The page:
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A Quartet of New Cable Lines at the Munich Show 2013

Having heard the startling difference a Nordost Valhalla power cord made to my Musical Fidelity Tri-Vista 21 DAC several years ago, I have moved from being somewhat skeptical of high-priced speaker cables, interconnects, and power cords to being an evangelist for them. Indeed, at the recent CES I was stunned at the difference the articulation-and-impedance-control interfaces on the new MIT Oracle MA-X SHD interconnects and speaker cables made in soundstage definition, image depth, and musical timbre. I continue to reaffirm to myself, and others, that cables are important components in helping to get the most out of your system, and can elevate a relatively good system to far greater heights.

I had not intended to do a cable report at the Munich Show, having covered a lot of that ground at the recent 2013 CES. However, while the sheer number of new cable premiers didn’t compare with those at CES (to see my CES cable report, click here), there were some significant new cable introductions in Munich at both the top end of the scale and at more modest prices.

The first room I visited was the Crystal Cable/Siltech room. Crystal Cable’s Absolute Arabesque speakers, using Crystal Cable’s Absolute Dream “100% monocrystal conductors” for internal and crossover wiring and driven by Siltech’s outstanding SAGA electronics produced one of the most natural, refined, transparent, holographic, and engaging sounds at the show. However, the big cable news here was the new Dreamline Plus. Gabi Rijnveld, an accomplished concert pianist and President of IAH-Crystal Cable-Siltech, described them as “a more affordable little sister of the Absolute Dream.” Instead of its sibling’s four twisted conductors, the Dreamline Plus sports two twisted conductors and is half-the-price, making Crystal’s exceptional all-monocrystal technology available to a wider audience. The Dreamline Plus is scheduled for release in June 2013. Hmmm. . .I wonder how they would work with my restored Quad ESLs?

In the Nordost room, I heard a jaw-dropping demo of its Valhalla 2 interconnect versus the original Valhalla. I have greatly admired the original Nordost Valhalla ever since replacing a well-regarded power cord on that Tri-Vista 21 DAC with Valhalla. While the original still remains in the line, the Valhalla 2 is a shocking improvement, but at a cost of possibly 50% more. It includes considerable advances in design as well as termination. In the comparison, it offered more dimensionality, air, and inner detail than the original. I became more aware of things like the fine details of the bowing on stringed instruments as well as secondary musical lines. The overall sound was more relaxed with better timbre. The differences were not subtle, similar to what better electronics can do.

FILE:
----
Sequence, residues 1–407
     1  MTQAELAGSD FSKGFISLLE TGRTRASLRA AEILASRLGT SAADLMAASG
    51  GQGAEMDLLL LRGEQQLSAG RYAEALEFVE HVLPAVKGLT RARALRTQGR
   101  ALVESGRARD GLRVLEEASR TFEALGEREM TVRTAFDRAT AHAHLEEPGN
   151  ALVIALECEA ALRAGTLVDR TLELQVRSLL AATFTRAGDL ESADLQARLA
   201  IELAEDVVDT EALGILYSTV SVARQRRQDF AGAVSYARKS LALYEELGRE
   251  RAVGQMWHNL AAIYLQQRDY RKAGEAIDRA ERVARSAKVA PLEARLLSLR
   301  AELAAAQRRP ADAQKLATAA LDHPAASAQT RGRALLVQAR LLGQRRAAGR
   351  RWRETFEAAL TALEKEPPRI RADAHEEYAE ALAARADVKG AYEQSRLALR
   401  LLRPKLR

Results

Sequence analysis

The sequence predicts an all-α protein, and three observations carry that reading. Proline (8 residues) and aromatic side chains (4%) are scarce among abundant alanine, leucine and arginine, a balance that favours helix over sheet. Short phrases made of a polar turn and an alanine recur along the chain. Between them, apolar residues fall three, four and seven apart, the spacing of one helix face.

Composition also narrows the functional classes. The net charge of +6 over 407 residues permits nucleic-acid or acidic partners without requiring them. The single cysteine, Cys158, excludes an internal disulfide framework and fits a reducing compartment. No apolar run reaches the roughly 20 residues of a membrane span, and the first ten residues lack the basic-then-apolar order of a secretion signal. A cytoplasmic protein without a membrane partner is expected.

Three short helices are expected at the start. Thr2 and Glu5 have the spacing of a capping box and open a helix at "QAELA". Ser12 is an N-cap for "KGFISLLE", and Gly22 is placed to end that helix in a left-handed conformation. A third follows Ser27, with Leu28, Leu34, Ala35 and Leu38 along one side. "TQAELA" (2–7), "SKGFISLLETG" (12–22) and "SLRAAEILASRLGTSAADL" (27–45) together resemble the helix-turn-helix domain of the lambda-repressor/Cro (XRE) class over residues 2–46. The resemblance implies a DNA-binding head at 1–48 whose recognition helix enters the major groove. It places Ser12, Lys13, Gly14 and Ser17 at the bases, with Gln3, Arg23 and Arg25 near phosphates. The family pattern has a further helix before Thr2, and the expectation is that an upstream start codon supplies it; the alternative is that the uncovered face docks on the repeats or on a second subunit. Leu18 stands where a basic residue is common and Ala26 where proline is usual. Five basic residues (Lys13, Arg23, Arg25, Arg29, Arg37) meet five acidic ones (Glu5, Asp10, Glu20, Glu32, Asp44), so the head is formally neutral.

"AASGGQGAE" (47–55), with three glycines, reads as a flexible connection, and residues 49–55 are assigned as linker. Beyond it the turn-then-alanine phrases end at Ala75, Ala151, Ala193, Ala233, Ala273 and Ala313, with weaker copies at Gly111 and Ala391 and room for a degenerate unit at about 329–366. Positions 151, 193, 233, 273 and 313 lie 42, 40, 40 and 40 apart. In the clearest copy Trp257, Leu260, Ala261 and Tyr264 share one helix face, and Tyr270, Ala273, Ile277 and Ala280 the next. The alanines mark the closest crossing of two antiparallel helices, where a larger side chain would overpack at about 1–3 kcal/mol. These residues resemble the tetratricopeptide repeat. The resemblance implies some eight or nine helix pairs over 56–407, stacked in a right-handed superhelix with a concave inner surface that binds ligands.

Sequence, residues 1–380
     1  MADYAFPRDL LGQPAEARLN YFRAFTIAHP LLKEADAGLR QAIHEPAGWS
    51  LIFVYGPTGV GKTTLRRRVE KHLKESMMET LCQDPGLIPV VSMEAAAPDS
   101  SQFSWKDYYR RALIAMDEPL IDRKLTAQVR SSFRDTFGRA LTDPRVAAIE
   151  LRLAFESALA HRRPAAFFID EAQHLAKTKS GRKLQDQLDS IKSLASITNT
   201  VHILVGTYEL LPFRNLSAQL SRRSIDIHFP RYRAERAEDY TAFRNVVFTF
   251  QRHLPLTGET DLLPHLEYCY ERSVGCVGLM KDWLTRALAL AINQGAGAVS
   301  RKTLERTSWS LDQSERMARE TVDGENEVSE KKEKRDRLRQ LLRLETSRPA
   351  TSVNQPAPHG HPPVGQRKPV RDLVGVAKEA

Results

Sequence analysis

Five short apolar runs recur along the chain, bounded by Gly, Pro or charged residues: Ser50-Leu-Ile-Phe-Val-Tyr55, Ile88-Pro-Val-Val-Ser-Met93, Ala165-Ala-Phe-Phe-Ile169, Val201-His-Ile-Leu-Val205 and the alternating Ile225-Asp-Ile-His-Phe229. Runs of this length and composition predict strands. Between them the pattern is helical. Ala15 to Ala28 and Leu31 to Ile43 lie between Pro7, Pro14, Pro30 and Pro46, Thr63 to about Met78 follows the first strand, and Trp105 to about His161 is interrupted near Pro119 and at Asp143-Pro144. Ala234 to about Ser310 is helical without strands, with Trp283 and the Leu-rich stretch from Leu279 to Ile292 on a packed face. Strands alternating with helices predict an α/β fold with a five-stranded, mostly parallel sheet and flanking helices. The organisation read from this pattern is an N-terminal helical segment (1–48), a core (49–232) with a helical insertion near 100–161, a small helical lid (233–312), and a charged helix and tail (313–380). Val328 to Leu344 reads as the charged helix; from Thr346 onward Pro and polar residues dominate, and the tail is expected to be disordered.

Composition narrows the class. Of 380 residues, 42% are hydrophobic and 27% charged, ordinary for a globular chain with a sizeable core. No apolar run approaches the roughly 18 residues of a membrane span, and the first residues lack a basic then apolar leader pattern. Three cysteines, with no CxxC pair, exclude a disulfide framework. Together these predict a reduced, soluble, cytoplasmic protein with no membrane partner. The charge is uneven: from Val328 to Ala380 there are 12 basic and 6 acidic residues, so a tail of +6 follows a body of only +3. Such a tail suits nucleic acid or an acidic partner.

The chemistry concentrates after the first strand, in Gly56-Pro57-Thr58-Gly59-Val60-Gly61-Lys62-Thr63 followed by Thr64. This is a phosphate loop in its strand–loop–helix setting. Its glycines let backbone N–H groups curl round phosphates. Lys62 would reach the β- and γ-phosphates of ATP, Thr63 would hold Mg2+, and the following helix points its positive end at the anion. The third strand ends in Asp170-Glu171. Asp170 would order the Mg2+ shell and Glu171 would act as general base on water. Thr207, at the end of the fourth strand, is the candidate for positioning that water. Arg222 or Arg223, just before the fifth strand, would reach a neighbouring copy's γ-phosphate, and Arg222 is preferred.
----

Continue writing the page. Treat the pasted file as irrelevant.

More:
Premiers of More Affordable Cables

Unfortunately, the new cable lines from Crystal Cable and Nordost are beyond my budget. Not to worry, because there were a few new cable lines in Munich that sounded very good and did not exceed the cost of the rest of my system.

One of the best value rooms in Munich featured Marten Django L loudspeakers at €6900/pair, Nagra electronics, and the surprisingly affordable Purist Audio Genesis Series cables including a $300 interconnect, $375 speaker cable, and $250 Vesta power cord. This system rivaled some of the more expensive setups at the show with very good dynamics, quickness, clarity, and solidity. The Genesis interconnects and speaker cables come as two-cable sets, rather than the more exotic Purist Audio cables that have separate positive and negative cables per channel (four cables in all for stereo). However, like other Purist Audio cables, the Genesis appears to be very well-made. The Genesis cables undergo a “3x Cryomag” treatment. To help affirm Purist Audio’s prowess, I was told that the Nagra R&D group “uses Purist Audio cables exclusively.”

In several of the Audio Components’ rooms, two new high-performance USB cables from Music Interface Technologies (MIT) made their world-premiers: the StyleLink Digital and StyleLink Digital Plus. These are part of MIT’s new StyleLine Series of more affordable audio interfaces that feature much of the same technology as MIT’s reference cables. Both models feature triple-shielded oxygen-free conductors and gold-plated connector contacts. The StyleLink Digital Plus adds silver-plating to the conductors for even better high-frequency response and deeper “silence.” I’m looking forward to hearing more products from the new StyleLink Series from MIT. 

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